Love is not planned, prepared, "ready" or "willing". It just happens. You don't truelly understand that you are IN love until you are already "deep" in it and can't possibly get out of it. You may want to fall in love, may look for love, may marry for hopes of love, etc...but love finds you and always will. If you can break out of that love, then you are either lying about loving in the first place or hiding the feeling of love, now. There is no turning back. I think there is a first love and its the greatest. When you put your heart and soul into it and trust the world with glass. I dont believe in love after the death/failure of that first love. Because it is replaced with false love. It is replaced with a damaged heart and you look for different things when looking for love. Again, you cant find love. It finds you. So, no...love is fragile and like an infant, grows. But if it is harmed, it grows up with a warped sense of trust. I agree in the four year opinion. I would like to say five years. After five years, crap flies out of the closet, comfort sets in, you either deal with the burnt food she cooks or take the muddy boots off your man's feet or you really dont love one another. What I like about love is this: the desperation of altering your whole existence..at least considering the possibility because you "love". That emotion is so strong that it will rip at the seams, pick up cars with one finger, and heal the blind to see again. Love. Love? It is definitely taken for granted and most aren't really, truelly in love. Here's another thought: marriage. Lets not marry because we "love". Lets marry to compete in the cost of a marriage. Lets do the "trend" thing. Divorce is always around the corner, anyways, right? Thats how young people think, nowadays. I may be 28 years old, but my idea of a marriage is 1950's. My ideal of a love is "til death do us part". I am family. I am love. I am traditional when it comes to family. ( I am NOT traditional with much anything else, by the way). But family is the most important reason for living..."love" is the most critical reason for living. I can say so much more, but I will not. This is just a review, so sorry.
|Reviewed by xxxxxxxxxx yyyyy (Reader)
|Nicely written and very thought provoking, but it's meant to be. Like Elizabeth Parsons, I believe there are many different types of love. Here you are talking of committed love between a man and a woman, very much in the traditional sense and as someone who has not lived traditionally I find that hard to follow. That is not to say I don't appreciate or respect other's views of love.
|Reviewed by Denise Contreras
|Thanks for this there are many different kinds of love I have found the only way I can truly love is when I found the love within myself and love myself then I am able to love others.
Thanks agian for this write.
|Reviewed by Walt Hardester
Maybe I've been
"looking for love in all the wrong places"
and maybe the love I now seek is to be found within....my self
|Reviewed by Elizabeth Parsons
|There are many different dephs of love or types of love. We have love for our fellow man (or we should have). We love our children, our other family members, our friends. Each in a different way. Then there's the love between a man and a woman...husband and wife. You expressed this love perfectly when using the word cherish. If it's truly 'love', you will feel exactly like this:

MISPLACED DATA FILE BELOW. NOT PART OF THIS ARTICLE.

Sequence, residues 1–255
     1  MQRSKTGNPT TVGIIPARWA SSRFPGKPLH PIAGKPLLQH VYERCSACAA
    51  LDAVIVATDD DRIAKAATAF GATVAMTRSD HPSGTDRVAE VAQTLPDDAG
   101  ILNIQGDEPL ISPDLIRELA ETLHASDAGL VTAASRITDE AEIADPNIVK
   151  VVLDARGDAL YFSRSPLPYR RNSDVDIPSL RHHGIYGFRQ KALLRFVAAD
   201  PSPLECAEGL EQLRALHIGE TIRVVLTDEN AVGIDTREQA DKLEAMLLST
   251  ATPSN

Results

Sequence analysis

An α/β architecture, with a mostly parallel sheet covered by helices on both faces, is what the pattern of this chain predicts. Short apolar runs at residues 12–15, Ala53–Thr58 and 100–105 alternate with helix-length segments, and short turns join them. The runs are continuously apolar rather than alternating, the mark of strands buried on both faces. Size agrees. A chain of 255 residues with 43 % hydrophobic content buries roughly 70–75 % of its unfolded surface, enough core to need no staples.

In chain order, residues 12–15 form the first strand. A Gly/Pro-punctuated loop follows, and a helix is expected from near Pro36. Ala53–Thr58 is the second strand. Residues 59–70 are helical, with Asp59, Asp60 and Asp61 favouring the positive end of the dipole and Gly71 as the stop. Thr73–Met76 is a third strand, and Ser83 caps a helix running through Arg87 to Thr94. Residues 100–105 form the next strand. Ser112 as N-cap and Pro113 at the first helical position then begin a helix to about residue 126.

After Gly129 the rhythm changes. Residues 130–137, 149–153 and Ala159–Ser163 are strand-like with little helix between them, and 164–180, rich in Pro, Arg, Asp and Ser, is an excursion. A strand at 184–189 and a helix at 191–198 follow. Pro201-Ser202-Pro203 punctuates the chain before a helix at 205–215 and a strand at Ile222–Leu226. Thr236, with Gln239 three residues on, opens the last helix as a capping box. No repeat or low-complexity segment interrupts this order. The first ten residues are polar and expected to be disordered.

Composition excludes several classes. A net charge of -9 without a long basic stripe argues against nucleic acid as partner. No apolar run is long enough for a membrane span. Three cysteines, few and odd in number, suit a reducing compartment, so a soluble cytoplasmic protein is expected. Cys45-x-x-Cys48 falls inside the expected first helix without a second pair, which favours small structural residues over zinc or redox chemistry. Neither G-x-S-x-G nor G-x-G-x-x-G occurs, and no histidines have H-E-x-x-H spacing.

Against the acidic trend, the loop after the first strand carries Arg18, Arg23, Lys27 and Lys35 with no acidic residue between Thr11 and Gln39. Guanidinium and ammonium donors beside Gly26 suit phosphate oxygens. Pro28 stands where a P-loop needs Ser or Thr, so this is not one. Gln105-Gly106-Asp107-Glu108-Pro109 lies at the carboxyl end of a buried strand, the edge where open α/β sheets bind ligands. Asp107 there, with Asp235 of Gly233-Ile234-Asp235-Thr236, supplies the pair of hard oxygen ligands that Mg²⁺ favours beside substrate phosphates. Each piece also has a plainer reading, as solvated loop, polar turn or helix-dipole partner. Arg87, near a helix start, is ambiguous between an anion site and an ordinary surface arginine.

"that he cherishes her as his partner in love and life, cherishes her as the most special person in the world, in bed or out, cherishes her in soulful harmony of spirit." (and she him)
|Reviewed by Jerry Engler
|I'd better not say I loved your thoughts, but I certainly appreciated them. When I look at my own work, I realize that my characters frequently share love while experiencing the harsher side of realities in life. True love often survives the happenstance of what happens to you, even when you created some of the worst of the happenstance...Jerry|
|Reviewed by Regis Auffray
|A thought-eliciting article, Richard. Someone described "love" to me this way:
"Love has a different tune: I love you, therefore you are free to do as you wish. My love says you cannot do any wrong in my sight. My love says you cannot hurt me for it would not wish to make you responsible for the way I feel. My love says I am here for you if you want me, or I can be gone if that is what you wish. My love does not depend on your performance to exist - it depends entirely on a choice I make, moment by moment. My love accepts that you may even come to hate me for what I am and it is strong enough not to compromise itself to please you. My love cannot be manipulated. My capacity to love is infinite and is not bound by your feelings or desires."
Thanks for sharing. Best wishes to you,
|Reviewed by Tina Martin
|Hi Richard. Thanks for your comments on my poem. Good points you expressed.
In response to your article, I have to say that the word 'love' is used very lightly and is mishandled in today's society. I laughed at your 'Aloha' comment above; albeit true, but I would compare the use of the word love with the word 'the' or 'a' based on the frequency of its usage. Physical attractiveness/Physical intimacy is important in a committed relationship but these aspects of love should not be weighed as heavily as the inner person. The inner person is the person we fall in love with; not the beauty of the outer "shell". And the inner person is what God values. If I baked a cake with bugs and dirt and put some chocolate icing on it, sure, the outside will look appealing but the inside is another story. So I agree with you!
And just a final comment for the young people who confuse love with lust; my suggestion would be for them to turn to the Bible for the greatest act of love ever shown - not to degrading, sexual, brain-washing music videos.
Until We Meet Again
|Reviewed by vicki orey (Reader)
|What is love?
This is a very deep subject, one that is often greatly misunderstood, and even the most enlightened description is limited by a language that can never do it justice. But I have to say, Dad, by your article, that you have obviously let love mold you and prune you over the years, and it has given you the wisdom and compassion of a sage.